As rude, benighted and uncivilized a culture as we are, America doesn’t designate and venerate people as Living National Treasures the way Japan does, or Australia. And even if we did, we couldn’t claim British actress Maggie Smith for our own. But hasn’t the incomparable Dame Maggie more than earned elevation to the status of International Treasure by now?
Even if you think yourself too old for the Harry Potter movies, too young for The Best Exotic Marigold Hotel or too hip for Downton Abbey, surely you’ve seen her in something that made you shake your head in awed admiration. Onstage or onscreen, no one can confound an adversary with a single scathing quip like Smith. She can be imperious or vulnerable, foolish or wise, charming or maddening. And in her latest big-screen outing, The Lady in the Van, the two-time Oscar-winner manages them all with aplomb and a lifetime’s worth of well-honed thespian technique.
The Lady in the Van started out as a 1989 memoir by English playwright Alan Bennett (Beyond the Fringe, The Madness of King George, The History Boys) and made the transition to the stage ten years later. It’s a “mostly true” story of a daft, cantankerous old bag lady (Smith, natch) who, in the 1970s, started living in her van after a collision with a motorcyclist convinced her that the police were after her. She parks in front of various townhomes on a residential street in London’s artsy Camden Town neighborhood – to varying degrees of welcome by the neighbors so “honored” – and when threatened with arrest for vagrancy, installs herself and her garishly painted vehicle in Bennett’s driveway. She stays there for 15 years.
Filmed in the actual location where the story unfolded, The Lady in the Van is, on one level, an exploration of the effect of this remarkably irritating woman on the equally unsociable playwright’s existence. The play and the movie depict Bennett as two people played by the same actor, Alex Jennings: one of them the Writer and the other the person who must interact with the rest of the world. Unbeknownst to herself, it’s the destiny of the Lady in the Van to guide the halves of this split personality back together, willy-nilly.
There are other mildly fantastical elements in the screenplay, which might’ve turned out excessively fey and twee if not for the grounding presence of Smith, who has made this role her own since it first appeared onstage. Miss Mary Shepherd – as she’s known to the inhabitants of Gloucester Crescent – is no twinkly dispensary of sage advice or fairy-godmother blessings. She’s stinky, nasty, uncooperative and self-absorbed, rationalizing her endless impositions by “guidance” from the Blessed Virgin and incapable of expressing an iota of gratitude for any of the neighbors’ many acts of generosity. She has a whim of iron, but whimsical she is not.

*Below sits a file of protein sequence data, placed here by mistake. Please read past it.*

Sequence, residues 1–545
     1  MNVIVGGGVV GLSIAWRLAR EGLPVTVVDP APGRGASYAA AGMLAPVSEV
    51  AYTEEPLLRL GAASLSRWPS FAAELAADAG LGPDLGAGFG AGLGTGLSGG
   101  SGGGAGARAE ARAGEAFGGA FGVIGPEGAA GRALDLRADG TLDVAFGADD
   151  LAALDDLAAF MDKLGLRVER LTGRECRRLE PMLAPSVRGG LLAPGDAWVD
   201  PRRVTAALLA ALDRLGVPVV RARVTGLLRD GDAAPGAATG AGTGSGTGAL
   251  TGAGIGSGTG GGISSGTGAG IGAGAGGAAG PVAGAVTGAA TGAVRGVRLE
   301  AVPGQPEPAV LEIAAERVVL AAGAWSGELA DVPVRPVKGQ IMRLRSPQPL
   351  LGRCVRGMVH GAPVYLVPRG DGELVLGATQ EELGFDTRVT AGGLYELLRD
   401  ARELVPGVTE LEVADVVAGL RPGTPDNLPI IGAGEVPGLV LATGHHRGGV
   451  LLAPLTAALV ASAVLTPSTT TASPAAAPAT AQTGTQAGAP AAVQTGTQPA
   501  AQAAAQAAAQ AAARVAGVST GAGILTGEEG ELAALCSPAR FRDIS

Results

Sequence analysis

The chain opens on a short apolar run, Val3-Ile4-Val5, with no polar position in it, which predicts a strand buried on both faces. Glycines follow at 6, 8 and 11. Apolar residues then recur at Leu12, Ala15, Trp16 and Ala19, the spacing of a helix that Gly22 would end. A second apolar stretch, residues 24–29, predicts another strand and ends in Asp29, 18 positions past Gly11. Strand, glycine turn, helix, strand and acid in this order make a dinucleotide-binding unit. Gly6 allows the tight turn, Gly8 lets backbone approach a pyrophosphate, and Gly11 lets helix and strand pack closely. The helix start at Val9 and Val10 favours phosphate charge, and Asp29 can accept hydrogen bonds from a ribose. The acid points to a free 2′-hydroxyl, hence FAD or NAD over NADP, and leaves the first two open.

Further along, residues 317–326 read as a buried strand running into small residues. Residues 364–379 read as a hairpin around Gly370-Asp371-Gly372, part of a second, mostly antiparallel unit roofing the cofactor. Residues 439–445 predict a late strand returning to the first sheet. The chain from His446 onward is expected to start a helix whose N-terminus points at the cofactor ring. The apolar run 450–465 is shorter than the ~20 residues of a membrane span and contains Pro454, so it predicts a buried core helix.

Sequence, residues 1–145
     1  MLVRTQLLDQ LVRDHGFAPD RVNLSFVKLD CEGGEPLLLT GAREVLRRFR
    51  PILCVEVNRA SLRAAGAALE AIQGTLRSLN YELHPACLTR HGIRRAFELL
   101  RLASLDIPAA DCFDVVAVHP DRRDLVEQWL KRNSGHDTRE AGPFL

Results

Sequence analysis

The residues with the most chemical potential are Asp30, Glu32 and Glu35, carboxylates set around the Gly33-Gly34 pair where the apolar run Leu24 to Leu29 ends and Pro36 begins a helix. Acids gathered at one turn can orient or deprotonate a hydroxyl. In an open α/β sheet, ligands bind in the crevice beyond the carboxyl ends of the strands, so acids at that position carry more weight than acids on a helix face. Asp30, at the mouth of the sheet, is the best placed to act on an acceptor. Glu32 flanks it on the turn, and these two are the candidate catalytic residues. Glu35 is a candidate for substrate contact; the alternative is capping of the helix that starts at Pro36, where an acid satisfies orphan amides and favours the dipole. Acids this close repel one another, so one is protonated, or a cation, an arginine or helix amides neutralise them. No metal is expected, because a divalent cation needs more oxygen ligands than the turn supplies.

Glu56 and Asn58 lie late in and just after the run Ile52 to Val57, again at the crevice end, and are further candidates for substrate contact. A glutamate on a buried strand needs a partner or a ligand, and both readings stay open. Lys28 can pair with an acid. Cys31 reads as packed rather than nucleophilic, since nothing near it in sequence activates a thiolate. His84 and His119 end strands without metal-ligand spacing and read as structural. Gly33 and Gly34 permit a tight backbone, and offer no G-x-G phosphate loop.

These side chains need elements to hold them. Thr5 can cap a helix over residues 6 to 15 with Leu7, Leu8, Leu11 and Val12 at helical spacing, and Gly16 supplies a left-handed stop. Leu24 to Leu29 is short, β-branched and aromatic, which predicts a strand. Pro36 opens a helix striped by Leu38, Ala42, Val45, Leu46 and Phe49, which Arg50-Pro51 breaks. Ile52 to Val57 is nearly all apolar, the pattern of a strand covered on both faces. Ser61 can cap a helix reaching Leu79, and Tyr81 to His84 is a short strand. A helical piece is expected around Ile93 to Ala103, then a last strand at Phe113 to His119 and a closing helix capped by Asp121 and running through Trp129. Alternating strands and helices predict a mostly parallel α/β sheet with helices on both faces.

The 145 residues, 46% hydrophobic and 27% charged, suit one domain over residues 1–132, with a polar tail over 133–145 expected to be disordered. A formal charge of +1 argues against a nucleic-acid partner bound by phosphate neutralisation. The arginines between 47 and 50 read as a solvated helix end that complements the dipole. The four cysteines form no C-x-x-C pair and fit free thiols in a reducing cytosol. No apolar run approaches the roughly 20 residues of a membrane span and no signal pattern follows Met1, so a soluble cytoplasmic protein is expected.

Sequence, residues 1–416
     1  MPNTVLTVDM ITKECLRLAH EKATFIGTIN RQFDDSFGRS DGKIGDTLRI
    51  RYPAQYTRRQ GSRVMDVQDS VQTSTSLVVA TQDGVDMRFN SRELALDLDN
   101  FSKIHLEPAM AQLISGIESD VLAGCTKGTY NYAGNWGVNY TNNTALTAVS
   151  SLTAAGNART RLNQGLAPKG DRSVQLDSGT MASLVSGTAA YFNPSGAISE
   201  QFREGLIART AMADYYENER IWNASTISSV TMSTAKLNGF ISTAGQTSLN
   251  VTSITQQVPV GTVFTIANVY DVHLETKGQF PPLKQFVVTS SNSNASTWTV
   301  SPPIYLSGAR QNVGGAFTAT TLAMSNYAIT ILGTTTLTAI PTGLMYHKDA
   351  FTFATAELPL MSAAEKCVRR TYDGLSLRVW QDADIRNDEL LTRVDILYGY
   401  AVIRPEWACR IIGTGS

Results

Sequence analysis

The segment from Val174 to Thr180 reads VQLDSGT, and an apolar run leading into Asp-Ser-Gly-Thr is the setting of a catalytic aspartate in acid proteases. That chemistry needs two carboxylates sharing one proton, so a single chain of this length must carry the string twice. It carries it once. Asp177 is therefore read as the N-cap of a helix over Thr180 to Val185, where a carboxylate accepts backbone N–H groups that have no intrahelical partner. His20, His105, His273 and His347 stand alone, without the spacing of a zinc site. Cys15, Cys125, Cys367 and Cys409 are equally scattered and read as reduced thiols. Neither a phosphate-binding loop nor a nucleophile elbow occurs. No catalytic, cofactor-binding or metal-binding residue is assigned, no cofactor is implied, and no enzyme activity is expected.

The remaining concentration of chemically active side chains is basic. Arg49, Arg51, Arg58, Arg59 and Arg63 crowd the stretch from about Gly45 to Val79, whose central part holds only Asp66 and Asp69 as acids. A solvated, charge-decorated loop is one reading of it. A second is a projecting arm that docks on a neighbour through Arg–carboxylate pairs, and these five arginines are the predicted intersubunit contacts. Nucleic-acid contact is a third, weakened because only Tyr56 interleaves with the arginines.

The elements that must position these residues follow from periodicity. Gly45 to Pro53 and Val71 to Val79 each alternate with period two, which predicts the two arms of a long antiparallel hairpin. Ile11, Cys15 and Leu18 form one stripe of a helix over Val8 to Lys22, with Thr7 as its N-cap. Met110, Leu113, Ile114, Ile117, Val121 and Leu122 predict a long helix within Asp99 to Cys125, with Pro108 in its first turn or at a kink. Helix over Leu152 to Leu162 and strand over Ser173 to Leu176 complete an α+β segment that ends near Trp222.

Bennett gets drawn into Miss Shepherd’s mad drama much against his will, projecting his guilt over avoiding his own mentally declining mother (Gwen Taylor) onto this unwanted guest; but they grudgingly learn to live together. The pious old lady turns a blind eye to the closeted gay playwright’s late-night male visitors, except to warn him that they might be Communists. Bennett, for his part, has his curiosity piqued by her fluency in French and her inexplicable, exaggerated aversion to music, even as he regularly has to clear up her feces from his driveway. Eventually he discovers that Miss Shepherd was once a promising concert pianist, real name Margaret Fairchild, who played in the prestigious Proms before a mental breakdown led to a stint in a convent and the forced renunciation of music as penance.
There are more secrets to unearth on both sides, of course; but mystery isn’t the point here. The Lady in the Van is an essentially heartwarming story well-armored with prickly humor, and Smith is deliciously, exasperatingly real as the unlovable, entitled, batty old crone. Jennings does a great job too – ably assisted by a fine ensemble cast, especially Frances de la Tour as Ralph Vaughan Williams’ widow Ursula – but this show rightly belongs to Maggie Smith. She’s appalling, she’s repellent, she’s the neighbor you’d never want; but you can’t take your eyes off her. It’s a bravura performance from the 82-year-old Duchess of Disdain. Long may her reign endure!
The Lady in the Van is currently playing at Upstate Films in Rhinebeck. Upstate Films is located at 6415 Montgomery Street in Rhinebeck. For more info call (845) 876-2515 or visit https://upstatefilms.org.